Thursday, July 12, 2012

No property tax increase for 2013 budget, county administrator says


In the first glimpse of what the 2013 Unified Government budget will look like, Wyandotte County Administrator Dennis Hays said this year's budget will not include an increase in property taxes.

In making his budget presentation to the Unified Government Board of Commissioners Thursday evening, Hays outlined a budget that's more optimistic compared to the previous three years, but one that still faces challenges.

"The tax-rate will remain constant and will not be increased," Hays said.

Along with the "constant" tax rate, Hays also proposed the elimination of the PILOT (payment-in lieu-of-taxes) fee by 2014. The PILOT fee is an added charge that appears on utility bills from the Board of Public Utilities.

Instead, Hays is wanting the county to create the "Municipal Utility Enterprise Account," requiring the BPU to transfer a fixed amount of dollars annually.

Due to the county and utility having to meet mandates dictated by the Environmental Protection Agency, rate increases are likely on the horizon.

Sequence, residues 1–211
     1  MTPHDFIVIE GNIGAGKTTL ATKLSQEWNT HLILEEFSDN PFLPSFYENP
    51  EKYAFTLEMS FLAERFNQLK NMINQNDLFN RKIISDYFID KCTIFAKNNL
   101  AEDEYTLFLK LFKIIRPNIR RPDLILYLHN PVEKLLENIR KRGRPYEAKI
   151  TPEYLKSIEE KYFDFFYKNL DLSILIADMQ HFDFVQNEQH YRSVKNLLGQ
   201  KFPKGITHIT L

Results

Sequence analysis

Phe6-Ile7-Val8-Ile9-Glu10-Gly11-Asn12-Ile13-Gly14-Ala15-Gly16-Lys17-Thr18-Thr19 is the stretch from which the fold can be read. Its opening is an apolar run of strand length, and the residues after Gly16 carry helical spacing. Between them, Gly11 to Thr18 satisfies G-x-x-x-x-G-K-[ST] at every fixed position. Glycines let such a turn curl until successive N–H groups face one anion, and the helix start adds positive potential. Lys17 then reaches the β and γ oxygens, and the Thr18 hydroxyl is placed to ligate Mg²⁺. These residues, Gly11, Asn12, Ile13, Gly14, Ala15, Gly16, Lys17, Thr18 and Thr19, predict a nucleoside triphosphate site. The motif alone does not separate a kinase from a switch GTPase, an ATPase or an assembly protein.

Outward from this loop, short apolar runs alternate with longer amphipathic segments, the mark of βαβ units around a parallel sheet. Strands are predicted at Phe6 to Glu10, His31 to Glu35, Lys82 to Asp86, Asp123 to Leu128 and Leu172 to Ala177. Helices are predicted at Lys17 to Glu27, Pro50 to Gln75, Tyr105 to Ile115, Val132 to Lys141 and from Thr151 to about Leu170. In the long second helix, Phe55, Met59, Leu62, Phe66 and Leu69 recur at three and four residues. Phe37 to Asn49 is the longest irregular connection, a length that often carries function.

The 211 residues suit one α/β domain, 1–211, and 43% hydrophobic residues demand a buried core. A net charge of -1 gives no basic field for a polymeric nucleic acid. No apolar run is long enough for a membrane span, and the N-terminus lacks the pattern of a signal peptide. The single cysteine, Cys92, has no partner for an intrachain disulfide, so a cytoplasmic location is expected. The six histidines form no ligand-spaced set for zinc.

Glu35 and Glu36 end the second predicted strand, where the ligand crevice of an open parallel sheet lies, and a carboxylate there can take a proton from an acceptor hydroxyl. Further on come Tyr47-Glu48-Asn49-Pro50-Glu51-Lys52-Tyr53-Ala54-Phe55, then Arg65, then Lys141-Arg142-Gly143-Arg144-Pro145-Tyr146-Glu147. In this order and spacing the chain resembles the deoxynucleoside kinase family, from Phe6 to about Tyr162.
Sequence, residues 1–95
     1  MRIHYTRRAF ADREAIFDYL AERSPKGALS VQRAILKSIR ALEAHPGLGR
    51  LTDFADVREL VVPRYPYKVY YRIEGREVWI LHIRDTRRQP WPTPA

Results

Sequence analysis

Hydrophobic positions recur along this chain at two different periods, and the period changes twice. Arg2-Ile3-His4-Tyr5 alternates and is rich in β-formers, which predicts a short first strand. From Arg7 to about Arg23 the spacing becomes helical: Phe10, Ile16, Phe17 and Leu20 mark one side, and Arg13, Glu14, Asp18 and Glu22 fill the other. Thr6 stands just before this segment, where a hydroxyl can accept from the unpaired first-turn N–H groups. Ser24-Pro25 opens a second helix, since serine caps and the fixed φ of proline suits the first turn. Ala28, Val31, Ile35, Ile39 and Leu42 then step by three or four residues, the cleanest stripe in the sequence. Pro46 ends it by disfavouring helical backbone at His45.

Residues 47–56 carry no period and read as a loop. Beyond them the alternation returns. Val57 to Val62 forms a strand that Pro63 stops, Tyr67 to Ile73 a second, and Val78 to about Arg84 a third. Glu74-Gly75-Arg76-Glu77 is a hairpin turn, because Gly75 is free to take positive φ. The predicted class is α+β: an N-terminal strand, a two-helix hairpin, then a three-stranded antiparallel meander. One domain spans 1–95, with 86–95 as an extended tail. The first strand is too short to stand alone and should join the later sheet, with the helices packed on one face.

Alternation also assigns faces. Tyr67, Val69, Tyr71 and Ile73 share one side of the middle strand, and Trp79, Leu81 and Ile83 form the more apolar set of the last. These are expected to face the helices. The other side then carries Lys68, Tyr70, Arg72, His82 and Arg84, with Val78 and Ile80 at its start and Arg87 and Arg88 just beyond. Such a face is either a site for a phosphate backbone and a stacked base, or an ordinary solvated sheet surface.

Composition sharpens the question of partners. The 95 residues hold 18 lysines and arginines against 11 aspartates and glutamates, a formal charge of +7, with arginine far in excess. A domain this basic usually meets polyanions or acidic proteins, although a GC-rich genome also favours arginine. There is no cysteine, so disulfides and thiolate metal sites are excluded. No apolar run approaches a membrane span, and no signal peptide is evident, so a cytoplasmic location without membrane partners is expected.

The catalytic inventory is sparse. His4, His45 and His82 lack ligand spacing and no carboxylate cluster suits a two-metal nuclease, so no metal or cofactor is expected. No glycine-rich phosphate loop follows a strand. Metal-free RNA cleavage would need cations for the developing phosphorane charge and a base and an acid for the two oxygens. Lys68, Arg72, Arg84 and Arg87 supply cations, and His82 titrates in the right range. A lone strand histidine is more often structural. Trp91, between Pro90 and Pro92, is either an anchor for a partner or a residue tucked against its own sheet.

However, Hays said eliminating the PILOT fee will keep the rate costs down.

“This proposal will require cooperation between the Unified Government and the Board of Public Utilities. It also requires acknowledgment that the UG and BPU are not separate, independent institutions, but part of the same local government organization,” Hays wrote in his budget message presented to the commission. “It will require elected leaders to shatter the tried, true and traditional way of doing things and to be innovative and bold in their actions.”

By eliminating the PILOT fee and transitioning to the proposed account method, about $10 million would be saved over the next five years, according to Hays.

"We're proposing a different approach," Hays said. "This new enterprise will save millions of dollars for ratepayers."

The 2013 budget proposal also includes a $2 million allocation for the launch of a new program geared towards improving neighborhood infrastructure.

Called the "Commission Neighborhood Infrastructure Program," the program will give commissioners the option of selecting projects in their districts to fund.

The $2 million funding from this year's budget would fund projects in 2013; $2 million would be placed in next year's budget for construction projects in 2014.

Funding will be provided by the Public Safety and Community Improvement Sales Tax approved by county residents in 2010.

(More information later tonight)